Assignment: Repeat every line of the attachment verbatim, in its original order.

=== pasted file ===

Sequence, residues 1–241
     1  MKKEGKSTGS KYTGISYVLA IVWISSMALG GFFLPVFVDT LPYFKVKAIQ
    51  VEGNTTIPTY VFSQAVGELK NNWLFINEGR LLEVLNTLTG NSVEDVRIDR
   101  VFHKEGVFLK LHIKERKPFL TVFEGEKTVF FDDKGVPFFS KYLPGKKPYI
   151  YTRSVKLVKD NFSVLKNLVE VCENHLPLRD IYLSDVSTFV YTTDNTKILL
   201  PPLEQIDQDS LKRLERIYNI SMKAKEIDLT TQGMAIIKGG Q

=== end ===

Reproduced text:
Sequence, residues 1–241
     1  MKKEGKSTGS KYTGISYVLA IVWISSMALG GFFLPVFVDT LPYFKVKAIQ
    51  VEGNTTIPTY VFSQAVGELK NNWLFINEGR LLEVLNTLTG NSVEDVRIDR
   101  VFHKEGVFLK LHIKERKPFL TVFEGEKTVF FDDKGVPFFS KYLPGKKPYI
   151  YTRSVKLVKD NFSVLKNLVE VCENHLPLRD IYLSDVSTFV YTTDNTKILL
   201  PPLEQIDQDS LKRLERIYNI SMKAKEIDLT TQGMAIIKGG Q